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UPDATED: 12:00 P.M. ET to reflect Celtics leadership speaking out.

The suspension of Boston Celtics head coach Ime Udoka for the entire upcoming season and possibly beyond leaves the defending Eastern Conference champions without the man who took them to the NBA Finals in his first year on the job.

But amid bombshell reports from pro basketball insiders about the nature of Udoka’s alleged transgressions, questions linger about exactly what he may have done that could possibly cost him his job after leading his team within two games of winning an NBA title.

At first, NBA insiders were vague in their initial breaking news reports on Twitter, united in the claim that Udoka had an intimate and consensual relationship with a Celtics staffer. Doing so, they claimed, was a violation of the Celtics organization’s code of conduct for employees. As a result, ESPN senior NBA reporter Adrian Wojnarowski tweeted that his sources told him Udoka was facing a “significant suspension,” a report that was ultimately confirmed Thursday night when the Celtics publicly acknowledged for the first time that the coach had committed unspecified “violations of team policy.”

The announcement suggested that Udoka’s job was in serious jeopardy.

Udoka, for his part, issued an apology shortly after the Celtics announced his suspension and took full accountability for “putting the team in this difficult situation.”

Udoka’s statement was issued via Front Office Sports, a multiplatform media brand that repeated the narrative that Udoka had a “consensual relationship with a female staffer.”

But according to Shams Charania, an NBA insider with the Athletic sports news website, there is much more to the story than that.

From Charania’s report for the Athletic:

Some members of the Celtics organization first became aware of the relationship in July, sources said. At that time, team leadership was led to believe by both parties that the relationship was consensual. But sources said that the woman recently accused Udoka of making unwanted comments toward her — leading the team to launch a set of internal interviews.

The allegation of “unwanted comments” contradicts that “consensual” narrative that had been originally reported by both Wojnarowski and Charania in their initial breaking news tweets overnight into Thursday morning.

But it remains unclear exactly what “violations” — plural — Udoka is guilty of committing, since the Athletic only mentioned the “unwanted comments.” The development promoted several questions: Did each comment constitute a violation? Is there another violation that is not being reported? Is it a violation of Celtics policy to have a consensual relationship with a staffer?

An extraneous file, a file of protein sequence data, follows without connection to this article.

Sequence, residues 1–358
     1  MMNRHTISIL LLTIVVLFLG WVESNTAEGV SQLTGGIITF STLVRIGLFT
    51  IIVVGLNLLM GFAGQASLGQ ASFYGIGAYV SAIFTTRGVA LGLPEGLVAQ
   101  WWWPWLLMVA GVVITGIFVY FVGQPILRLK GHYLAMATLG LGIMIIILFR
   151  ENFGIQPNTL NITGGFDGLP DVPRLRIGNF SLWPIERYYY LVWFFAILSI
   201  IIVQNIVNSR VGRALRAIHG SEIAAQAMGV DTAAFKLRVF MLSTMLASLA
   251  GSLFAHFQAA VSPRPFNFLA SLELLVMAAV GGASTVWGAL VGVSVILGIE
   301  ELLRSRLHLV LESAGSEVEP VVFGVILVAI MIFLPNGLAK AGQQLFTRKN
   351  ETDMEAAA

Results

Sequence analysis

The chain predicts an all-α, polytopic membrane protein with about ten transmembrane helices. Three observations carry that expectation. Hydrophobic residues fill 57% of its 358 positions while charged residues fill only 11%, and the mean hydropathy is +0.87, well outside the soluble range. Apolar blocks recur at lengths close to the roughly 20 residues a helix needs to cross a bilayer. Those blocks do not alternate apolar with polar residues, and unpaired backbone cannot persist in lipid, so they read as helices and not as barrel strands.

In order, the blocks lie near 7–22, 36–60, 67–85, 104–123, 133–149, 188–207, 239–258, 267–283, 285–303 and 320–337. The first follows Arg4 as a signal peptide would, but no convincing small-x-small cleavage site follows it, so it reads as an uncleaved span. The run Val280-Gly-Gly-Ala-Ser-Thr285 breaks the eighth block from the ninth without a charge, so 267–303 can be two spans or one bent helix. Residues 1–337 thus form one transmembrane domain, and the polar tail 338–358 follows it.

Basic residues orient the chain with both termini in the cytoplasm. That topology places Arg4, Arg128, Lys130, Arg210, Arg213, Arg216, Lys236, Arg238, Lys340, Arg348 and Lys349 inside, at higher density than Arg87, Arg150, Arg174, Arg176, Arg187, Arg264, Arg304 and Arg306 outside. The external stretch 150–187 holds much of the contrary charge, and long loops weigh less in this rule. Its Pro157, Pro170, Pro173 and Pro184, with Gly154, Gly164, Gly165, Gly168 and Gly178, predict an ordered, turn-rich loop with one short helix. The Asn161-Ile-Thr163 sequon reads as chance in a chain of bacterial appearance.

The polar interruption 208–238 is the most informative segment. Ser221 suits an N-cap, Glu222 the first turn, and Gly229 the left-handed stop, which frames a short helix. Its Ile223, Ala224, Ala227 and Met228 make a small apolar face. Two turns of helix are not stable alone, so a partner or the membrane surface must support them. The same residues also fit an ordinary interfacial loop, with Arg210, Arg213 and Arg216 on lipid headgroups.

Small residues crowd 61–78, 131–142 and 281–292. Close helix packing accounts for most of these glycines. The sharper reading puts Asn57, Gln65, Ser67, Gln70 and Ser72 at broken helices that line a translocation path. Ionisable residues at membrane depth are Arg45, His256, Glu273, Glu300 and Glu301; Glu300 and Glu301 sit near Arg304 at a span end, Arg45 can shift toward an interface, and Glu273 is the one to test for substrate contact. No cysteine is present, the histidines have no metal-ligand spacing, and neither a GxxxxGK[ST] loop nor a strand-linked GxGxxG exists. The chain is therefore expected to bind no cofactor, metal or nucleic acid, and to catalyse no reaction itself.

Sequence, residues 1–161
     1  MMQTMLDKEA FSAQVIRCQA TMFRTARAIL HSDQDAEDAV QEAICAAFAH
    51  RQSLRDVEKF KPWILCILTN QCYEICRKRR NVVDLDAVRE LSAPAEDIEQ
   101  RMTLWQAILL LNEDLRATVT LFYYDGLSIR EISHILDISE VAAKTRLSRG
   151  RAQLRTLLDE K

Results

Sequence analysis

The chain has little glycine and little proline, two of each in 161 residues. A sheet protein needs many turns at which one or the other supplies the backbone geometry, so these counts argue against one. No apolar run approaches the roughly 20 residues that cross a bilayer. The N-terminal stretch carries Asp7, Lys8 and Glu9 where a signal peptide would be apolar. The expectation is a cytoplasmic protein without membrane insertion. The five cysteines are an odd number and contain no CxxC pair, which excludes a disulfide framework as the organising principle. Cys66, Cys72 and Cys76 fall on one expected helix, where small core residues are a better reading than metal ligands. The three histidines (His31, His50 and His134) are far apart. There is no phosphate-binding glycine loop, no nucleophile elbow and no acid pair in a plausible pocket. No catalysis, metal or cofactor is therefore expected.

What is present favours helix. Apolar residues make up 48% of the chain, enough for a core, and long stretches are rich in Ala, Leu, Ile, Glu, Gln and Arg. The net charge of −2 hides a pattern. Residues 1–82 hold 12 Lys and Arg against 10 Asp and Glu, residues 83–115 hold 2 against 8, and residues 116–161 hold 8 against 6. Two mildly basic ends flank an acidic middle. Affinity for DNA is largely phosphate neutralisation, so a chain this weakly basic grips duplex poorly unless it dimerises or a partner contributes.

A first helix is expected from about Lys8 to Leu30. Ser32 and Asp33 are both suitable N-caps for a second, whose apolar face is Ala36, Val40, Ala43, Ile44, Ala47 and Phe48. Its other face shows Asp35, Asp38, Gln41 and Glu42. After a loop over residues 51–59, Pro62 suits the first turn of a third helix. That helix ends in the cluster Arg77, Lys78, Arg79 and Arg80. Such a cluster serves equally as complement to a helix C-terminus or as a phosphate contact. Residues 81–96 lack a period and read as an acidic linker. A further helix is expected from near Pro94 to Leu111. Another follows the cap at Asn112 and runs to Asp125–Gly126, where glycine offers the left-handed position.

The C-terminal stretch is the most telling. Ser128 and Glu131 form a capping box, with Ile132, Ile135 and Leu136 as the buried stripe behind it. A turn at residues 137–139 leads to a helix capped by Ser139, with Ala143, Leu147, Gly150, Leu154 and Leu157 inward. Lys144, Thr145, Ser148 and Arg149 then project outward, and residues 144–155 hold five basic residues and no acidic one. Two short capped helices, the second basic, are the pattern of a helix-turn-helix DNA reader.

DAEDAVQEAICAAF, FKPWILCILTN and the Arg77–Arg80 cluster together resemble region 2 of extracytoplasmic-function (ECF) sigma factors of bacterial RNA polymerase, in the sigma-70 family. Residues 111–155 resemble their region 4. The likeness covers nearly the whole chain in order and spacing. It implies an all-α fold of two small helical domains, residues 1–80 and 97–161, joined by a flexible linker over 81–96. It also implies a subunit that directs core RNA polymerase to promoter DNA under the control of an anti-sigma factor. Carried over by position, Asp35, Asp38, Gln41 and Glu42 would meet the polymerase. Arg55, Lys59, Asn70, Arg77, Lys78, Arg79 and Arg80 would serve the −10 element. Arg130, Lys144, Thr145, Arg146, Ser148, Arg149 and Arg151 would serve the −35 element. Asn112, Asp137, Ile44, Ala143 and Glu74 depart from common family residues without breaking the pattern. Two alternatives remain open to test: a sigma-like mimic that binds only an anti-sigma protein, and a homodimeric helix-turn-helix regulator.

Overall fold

On Friday, Celtics leadership addressed the situation during a press conference by admonishing the speculative media reports that ensued following the tweets from Wojnarowski and Charania, according to a report by NBC Boston.

Celtics owner Wyc Grousbeck said the team hired a law firm to conduct an investigation into what he called a “potential situation” and said “a significant financial penalty” will be in Udoka’s future. He also emphasized the coach committed “multiple violations” of team policy, though he didn’t say exactly what they were.

With that said, the Athletic’s report did provide a semblance of clarity and helps address the lingering question of why the Celtics disciplined Udoka and not the female staffer with whom he is alleged to have had a relationship. The report suggests the female staffer was a victim and not a willing participant in the unspecified “unwanted comments” in a situation that the Celtics have been aware of for at least two months, according to the timeline provided by the Athletic.

In the meantime, Udoka is not expected to resign, according to NBA reporter Chris Haynes, suggesting he is ready to serve his punishment and return next season.

The Celtics begin preseason play next month and return most of the team that fell short against the Golden State Warriors in the NBA Finals just three months ago.


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